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C# Best Practices

Good code is self-explanatory, readable, optimized, and easy to maintain. Your piece of code should be readable enough and easy to understand like a story. Naming conventions play a major role in this.

Naming Conventions

There are following three terminologies are used to declare C# naming standards.

  • Camel Case (camelCase): In this standard, the first letter of the word is always in small letters and after that, each word starts with a capital letter or the first character of every word is UpperCase and other characters are lower case.
  • Pascal Case (PascalCase): Using this convention, the first letter of every word needs to be in capital letters.
  • Underscore Prefix (_underScore): For underscore ( _ ), the word after underscore(_) uses camelCase terminology.
  • Class names and method names should be in Pascal case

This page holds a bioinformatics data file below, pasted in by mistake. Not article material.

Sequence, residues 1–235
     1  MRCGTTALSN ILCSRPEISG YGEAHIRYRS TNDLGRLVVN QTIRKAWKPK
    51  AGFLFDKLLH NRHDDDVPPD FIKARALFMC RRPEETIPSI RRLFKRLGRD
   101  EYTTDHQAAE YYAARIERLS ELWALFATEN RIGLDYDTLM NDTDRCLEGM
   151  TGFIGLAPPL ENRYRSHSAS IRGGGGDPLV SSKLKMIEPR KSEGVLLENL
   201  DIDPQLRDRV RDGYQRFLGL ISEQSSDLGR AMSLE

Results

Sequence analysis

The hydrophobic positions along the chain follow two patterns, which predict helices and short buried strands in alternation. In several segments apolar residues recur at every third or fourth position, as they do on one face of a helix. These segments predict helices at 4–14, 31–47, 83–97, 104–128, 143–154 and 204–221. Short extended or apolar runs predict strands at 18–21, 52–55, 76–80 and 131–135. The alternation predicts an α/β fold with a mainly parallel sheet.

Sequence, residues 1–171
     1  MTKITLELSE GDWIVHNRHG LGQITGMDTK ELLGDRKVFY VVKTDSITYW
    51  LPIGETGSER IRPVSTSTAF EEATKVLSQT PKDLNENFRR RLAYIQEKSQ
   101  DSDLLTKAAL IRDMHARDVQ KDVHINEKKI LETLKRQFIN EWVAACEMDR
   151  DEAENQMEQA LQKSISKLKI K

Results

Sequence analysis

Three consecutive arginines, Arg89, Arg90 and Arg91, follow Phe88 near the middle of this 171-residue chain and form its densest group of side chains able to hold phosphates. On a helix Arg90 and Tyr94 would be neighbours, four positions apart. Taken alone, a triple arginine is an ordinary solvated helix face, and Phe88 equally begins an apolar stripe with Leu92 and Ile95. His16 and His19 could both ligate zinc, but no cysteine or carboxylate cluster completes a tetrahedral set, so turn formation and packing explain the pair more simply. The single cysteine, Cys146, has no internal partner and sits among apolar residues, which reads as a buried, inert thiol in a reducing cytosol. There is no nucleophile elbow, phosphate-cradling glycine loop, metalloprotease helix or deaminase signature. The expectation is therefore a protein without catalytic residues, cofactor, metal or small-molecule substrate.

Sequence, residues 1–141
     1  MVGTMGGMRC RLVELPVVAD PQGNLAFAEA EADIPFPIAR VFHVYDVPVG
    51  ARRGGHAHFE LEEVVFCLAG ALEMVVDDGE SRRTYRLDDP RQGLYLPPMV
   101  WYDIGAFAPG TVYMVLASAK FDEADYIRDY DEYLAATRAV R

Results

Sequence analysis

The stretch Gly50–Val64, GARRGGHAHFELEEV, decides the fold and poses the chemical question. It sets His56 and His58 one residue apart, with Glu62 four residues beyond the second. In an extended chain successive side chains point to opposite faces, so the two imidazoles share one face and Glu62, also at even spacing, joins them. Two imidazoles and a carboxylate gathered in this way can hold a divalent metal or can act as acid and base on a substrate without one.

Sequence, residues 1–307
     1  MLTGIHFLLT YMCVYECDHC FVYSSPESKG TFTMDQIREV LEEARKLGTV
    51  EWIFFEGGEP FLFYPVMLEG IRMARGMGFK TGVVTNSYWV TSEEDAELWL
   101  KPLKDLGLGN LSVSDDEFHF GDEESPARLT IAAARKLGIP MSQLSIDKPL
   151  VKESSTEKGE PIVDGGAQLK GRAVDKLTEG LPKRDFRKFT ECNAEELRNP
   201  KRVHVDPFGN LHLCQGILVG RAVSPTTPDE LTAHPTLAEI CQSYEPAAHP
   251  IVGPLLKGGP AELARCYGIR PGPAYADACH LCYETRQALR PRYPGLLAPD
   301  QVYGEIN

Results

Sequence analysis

• For better indentation and readability, use curly brackets vertically.
  • Method arguments and local variables should be in the camelcase.
  • Do not use shorthand notation for variable names
  • Avoid underscores while naming identifiers.
  • Do not use single char variable names like i, t, etc.
  • Prefer to use predefined data types over system-defined data types.
  • Always Prefix an Interface with a letter I.
  • Declare member variables at the top with static variables at the very top.
  • Avoid unnecessary comments
  • Keep methods short. Max 20-25 lines
  • Avoid too many parameters
  • Consider warnings as errors
  • Minimize the number of return